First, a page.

I first came across Mitch Derman when I participated in HAPPO (how great was that?). He took me up on my offer to showcase job seekers on my blog but, as luck would have it, was imprisoned by my spam filter that day.

To make up for it, I asked Mitch if he’d like to guest post on WUL, which is what led to a precursor to this post. I got delayed in publishing it, so what a grand surprise it was when Mitch asked if he could edit it slightly because… he’d found a job!

Here are some great lessons he shares while on the search (image, Sascha Assbach, Creative Commons). And congrats, Mitch.

In my mind, every time that I envisioned getting laid off, I always thought there would be an empty box by my desk.

So when there was no box by my desk in November 2002, I was surprised by the call to come down to the General Manager’s office at the PR firm where I worked, only to see him seated at his meeting table with the HR rep by his side and a folder with my name on it.  I knew right away it was my last day of employment with the company.

While the moment surprised me, I had a feeling this might happen given the dotcom era had been replaced by the dotbomb era.  And all of our clients were in the technology industry.

Certainly this was a traumatic experience and one I would not wish on my worst enemy.  Needless to say, it was a learning experience.

For me, the biggest thing I learned the hard way was that I did not have a strong network in place.

At the time, while there were Internet resources such as Career Builder, Monster and others, there was no LinkedIn, Twitter or Facebook.  I immediately joined IABC and PRSA, and attended various networking events.

Those activities certainly helped, but I know now that I would have been far more successful had I already built a strong network before the layoff.  It took me nearly six months to get a new job.

When I re-joined the workforce, I took my lesson to heart and tried to the best of my ability to stay active in professional and social interactions, where I could meet and network with as many people as possible.  I attended many events, participated in volunteer efforts and became active on social media channels once they started becoming ubiquitous in 2006.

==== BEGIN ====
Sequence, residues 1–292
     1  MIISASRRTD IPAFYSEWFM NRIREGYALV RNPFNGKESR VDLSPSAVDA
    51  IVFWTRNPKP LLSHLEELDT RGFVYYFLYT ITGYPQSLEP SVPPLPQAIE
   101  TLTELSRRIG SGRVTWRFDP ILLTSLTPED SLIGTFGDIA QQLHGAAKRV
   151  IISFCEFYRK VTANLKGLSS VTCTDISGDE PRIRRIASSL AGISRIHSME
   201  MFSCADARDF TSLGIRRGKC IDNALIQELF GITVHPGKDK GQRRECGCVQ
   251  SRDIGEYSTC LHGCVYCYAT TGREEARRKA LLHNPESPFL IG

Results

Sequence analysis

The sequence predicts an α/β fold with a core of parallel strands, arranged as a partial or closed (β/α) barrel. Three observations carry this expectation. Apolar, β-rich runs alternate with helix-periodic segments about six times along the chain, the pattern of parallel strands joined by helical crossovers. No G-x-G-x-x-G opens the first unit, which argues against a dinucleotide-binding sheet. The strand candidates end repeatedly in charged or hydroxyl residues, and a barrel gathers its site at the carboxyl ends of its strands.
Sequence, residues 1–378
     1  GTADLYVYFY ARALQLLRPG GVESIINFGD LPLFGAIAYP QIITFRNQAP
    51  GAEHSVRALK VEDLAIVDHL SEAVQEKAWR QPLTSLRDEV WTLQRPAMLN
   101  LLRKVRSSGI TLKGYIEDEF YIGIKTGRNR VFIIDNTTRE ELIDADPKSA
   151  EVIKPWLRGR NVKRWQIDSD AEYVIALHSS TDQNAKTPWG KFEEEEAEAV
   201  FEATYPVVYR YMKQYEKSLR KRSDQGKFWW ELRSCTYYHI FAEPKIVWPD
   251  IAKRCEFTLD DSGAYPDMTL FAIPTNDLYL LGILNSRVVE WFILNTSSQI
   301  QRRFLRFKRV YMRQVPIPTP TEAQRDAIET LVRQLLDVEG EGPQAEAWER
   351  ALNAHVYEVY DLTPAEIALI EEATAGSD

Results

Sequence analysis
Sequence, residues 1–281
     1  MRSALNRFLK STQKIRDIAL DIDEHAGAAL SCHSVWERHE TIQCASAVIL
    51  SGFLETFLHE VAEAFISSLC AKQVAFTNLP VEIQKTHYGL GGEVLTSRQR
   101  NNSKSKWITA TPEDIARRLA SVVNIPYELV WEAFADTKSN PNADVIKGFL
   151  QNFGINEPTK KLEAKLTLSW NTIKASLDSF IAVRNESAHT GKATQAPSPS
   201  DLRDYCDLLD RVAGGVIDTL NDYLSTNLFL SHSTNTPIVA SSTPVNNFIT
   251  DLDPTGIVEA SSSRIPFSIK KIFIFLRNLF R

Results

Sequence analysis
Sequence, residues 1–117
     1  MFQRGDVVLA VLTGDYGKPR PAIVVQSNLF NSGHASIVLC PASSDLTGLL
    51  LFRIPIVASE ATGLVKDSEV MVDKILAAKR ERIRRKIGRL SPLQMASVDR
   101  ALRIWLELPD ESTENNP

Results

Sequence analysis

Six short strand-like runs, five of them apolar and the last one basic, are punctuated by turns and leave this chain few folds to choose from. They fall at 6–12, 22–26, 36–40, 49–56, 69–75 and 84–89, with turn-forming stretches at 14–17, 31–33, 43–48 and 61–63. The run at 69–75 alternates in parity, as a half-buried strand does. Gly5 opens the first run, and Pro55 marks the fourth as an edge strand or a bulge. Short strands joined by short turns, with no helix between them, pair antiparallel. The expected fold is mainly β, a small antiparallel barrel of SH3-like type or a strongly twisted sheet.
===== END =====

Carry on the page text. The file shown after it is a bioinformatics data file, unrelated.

Flash forward to today.

While different circumstances than 2002, I found myself on the job search once again earlier this year.

I left a job in February.  This time around, I was in a much better position.

I had multiple interviews; many of which were a direct result of networking. Once I knew that I would be leaving, I reached out to everyone I could through e-mail, LinkedIn and Facebook.  So many people offered to help and forwarded me leads.  And these were people that I stayed in touch with beyond just friending them on social networks.

I would post things, send congratulatory notes when people started a new job or were promoted, and I would forward job leads to those I knew were looking or were recently laid off.  I also started a blog.

Thanks to the help of my network, I’m happy to report that I started my new job on March 29.

Additional resources:

  • Starting a blog is easy.  I used blogspot.
  • The Twitter Hashtag #happo (Help a PR Pro Out) is a great resource.
  • On LinkedIn, there are many networking groups to join; one being the Capital Communicators Group.  PRSA and IABC also have forums on most social media channels.

Guest author Mitchell Derman is a communications professional with more than 15 years of experience helping organizations enhance their visibility with external and internal stakeholders, in industries such as technology, telecommunications, media, aerospace and defense.  He is now Director of Corporate Communications for i2, a leading provider of intelligence and investigation management software for law enforcement, defense and intelligence analysis.  Visit him online at Mitch’s Beltway Banter.